Oedipus while exhibiting the free will the caused him to leave his home, kill Laius, defeat the Sphinx, marry Laius wife Jocasta, searching for Laius killer and disowning his sons was truly a victim of fate. Jocasta and Laius, who was of the house of Labdacus and was cursed by the gods for his abduction and rape of Chrysippus the son of Pelops. Were told upon Oedipus birth that he would kill his father and marry his mother. In order to prevent this from happening, they had the infant exposed. Oedipus is rescued and raised by the king and queen of Corinth. He is told by the oracle that he will kill his father and marry his mother. This causes him to leave town in order to avoid this fate and in doing so he inadvertently puts his fate in motion, when he unknowingly killed his father Laius. While one can argue that Oedipus made the choice to go to Delphi and speak to the oracle, he chose to listen to the man in regards to his parents not being his bio-parents, he then chose to leave, he also chose to answer the sphinx riddle and accept Laius widow as his bride and finally he chose to investigate the murder of King Laius that he is responsible for his fate. I disagree with this, because even though he is responsible for his actions, he has no idea the course his actions will take. This is different from Prometheus, who acts in defiance of Zeus and knows that there will be consequences. Oedipus has no idea the consequences of his actions, in fact he continually tries to do the right thing, except when he kills Laius. Later in the plays Oedipus commits the only act that he knows will have a negative effect his family. He disowns both of his sons and refuses to side with either of them in their battle in The Seven Against Thebes. This results in the deaths of three of his children Antigone, Eteocles, and Polyneices.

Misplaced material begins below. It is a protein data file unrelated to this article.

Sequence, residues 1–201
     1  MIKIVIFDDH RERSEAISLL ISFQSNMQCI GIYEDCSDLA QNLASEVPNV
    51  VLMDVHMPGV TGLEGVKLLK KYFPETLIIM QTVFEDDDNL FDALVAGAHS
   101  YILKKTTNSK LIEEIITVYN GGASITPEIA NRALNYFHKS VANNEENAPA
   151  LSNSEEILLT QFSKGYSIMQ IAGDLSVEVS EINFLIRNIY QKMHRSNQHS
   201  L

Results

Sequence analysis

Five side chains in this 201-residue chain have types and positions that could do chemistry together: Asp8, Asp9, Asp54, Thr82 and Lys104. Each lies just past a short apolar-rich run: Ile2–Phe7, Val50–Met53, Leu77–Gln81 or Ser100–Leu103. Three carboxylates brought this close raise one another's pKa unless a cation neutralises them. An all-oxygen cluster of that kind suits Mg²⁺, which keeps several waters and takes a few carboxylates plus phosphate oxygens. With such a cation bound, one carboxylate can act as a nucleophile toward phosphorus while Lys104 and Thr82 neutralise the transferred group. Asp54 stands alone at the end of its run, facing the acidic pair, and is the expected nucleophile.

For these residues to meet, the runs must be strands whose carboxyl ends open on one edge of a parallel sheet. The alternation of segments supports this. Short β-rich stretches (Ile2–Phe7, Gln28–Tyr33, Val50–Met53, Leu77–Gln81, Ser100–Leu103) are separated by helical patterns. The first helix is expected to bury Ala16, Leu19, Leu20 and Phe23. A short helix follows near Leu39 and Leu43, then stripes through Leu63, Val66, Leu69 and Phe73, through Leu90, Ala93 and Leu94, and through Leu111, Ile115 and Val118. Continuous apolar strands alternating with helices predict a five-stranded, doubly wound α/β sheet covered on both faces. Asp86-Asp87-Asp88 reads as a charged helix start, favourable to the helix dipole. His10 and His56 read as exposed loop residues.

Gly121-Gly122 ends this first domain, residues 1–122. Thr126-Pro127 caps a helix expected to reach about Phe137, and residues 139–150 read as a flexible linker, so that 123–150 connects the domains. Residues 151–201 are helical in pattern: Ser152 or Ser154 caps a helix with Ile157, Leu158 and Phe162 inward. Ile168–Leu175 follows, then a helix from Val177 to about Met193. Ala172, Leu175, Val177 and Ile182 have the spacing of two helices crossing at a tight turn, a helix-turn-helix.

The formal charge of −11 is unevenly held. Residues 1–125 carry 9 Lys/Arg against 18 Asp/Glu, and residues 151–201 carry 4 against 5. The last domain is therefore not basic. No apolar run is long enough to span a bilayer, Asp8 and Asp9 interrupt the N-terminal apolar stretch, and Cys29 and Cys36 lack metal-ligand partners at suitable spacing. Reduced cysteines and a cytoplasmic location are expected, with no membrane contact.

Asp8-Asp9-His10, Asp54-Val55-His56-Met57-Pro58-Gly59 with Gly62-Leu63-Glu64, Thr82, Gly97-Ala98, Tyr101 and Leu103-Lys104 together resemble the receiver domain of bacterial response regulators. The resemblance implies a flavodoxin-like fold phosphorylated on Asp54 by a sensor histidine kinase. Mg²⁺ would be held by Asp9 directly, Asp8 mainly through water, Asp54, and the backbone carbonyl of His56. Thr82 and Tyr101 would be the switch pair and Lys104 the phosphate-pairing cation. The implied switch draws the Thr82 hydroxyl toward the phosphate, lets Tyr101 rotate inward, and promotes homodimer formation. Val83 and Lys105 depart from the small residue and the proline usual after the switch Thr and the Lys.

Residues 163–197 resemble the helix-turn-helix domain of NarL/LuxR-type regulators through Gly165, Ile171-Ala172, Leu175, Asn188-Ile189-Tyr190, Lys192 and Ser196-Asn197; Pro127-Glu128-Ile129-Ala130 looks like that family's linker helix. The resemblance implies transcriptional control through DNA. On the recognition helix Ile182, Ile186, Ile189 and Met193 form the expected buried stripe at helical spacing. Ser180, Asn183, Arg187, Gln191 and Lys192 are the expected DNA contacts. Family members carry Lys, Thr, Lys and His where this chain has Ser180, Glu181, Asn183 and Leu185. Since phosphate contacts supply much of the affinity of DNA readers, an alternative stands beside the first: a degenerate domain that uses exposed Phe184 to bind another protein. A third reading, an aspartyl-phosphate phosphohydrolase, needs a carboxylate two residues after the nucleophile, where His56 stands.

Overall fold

The line of Laius is not the only family line in Greek tragedy to fate its fate and free will tested due a curse caused by the sins of the father. The house of Atreus was also cursed to such a fate when Tantalus served his son Pelops to the Olympian god. In the Oresteia Aeschylus tells the story of Tantalus descendent Agamemnon. Agamemnon sacrificed his daughter Iphigenia "What can I say? Disaster follows if I disobey; surely yet worse disaster if I yield and slaughter my own child, my home's delight, in her young innocence, and stain my hand with blasphemous unnatural cruelty, bathe in the blood I fathered! Either way, Ruin!" (Aeschylus: Agamemnon, 813-814). This shows that he knew that there were going to be repercussions for his decision. He made the choice anyway in order to obtain calm seas in which he and his men could travel safety to Troy. This was a case of being wrong either way. Had he not made the sacrifice his men would have died during the trip, and if he decided not to go to Troy a countless number of Greeks may have lost their lives. When he returned ten years later with his trophy of war Cassandra. Cassandra who knows of both Agamemnon and her own fate does not try to prevent it. She seems relieved at the prospect and even waits patiently for Clytemnestra to finish with Agamennon. Agamemnon is then killed by his wife Clytemnestra, who is angry over Iphigenia’s death and in love with Aegisthus. She kills both Agamemnon and Cassandra. After learning of his father Agamemnon’s death from his sister Electra. Orestes kills Clytemnestra and Aegisthus. This is the moment that fate and free will come to a head with vengeance. For Clytemnestra there has never been a choice, she was going to revenge the death of her daughter on her murderer. Whereas with Orestes he chooses, knowing the truth to kill his mother. The fates terrorize him until he is finally acquitted at trial.
Aeschylus The Oresteia translated by Alan Shapiro and Peter Burian. Oxford UP, 2003
Aeschylus Prometheus Bound and Other Plays Translated by Phillip Vellacott. Penguin, 1961
Sophocles. The Three Theban Plays. Translated by Robert Fagles. Penguin Classics, 1982